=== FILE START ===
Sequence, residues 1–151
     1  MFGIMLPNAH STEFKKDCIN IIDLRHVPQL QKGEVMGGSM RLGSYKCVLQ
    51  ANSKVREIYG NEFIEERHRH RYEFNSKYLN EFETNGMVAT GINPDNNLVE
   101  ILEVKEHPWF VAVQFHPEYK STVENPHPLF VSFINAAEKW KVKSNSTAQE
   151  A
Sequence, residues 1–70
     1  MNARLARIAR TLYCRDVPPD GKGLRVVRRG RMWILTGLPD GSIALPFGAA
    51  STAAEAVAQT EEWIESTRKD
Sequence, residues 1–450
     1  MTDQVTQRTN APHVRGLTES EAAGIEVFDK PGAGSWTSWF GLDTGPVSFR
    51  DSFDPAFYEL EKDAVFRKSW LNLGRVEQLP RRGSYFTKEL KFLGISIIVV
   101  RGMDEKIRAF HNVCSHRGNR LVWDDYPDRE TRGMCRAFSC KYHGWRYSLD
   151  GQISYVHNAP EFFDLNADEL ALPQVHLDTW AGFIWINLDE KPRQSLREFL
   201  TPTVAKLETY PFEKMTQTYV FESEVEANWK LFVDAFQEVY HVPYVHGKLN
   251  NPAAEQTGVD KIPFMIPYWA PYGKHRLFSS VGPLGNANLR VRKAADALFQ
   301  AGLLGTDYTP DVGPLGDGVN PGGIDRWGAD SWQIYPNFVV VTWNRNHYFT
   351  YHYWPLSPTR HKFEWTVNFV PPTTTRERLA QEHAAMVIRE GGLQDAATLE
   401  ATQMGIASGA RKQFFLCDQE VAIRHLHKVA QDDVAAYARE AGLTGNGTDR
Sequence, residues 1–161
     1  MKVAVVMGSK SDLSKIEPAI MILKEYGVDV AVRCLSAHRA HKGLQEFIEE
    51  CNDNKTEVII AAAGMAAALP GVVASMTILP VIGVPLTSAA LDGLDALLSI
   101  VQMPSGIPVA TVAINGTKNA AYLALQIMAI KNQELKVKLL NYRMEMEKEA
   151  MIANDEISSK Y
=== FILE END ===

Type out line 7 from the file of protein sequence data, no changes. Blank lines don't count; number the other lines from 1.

     1  MNARLARIAR TLYCRDVPPD GKGLRVVRRG RMWILTGLPD GSIALPFGAA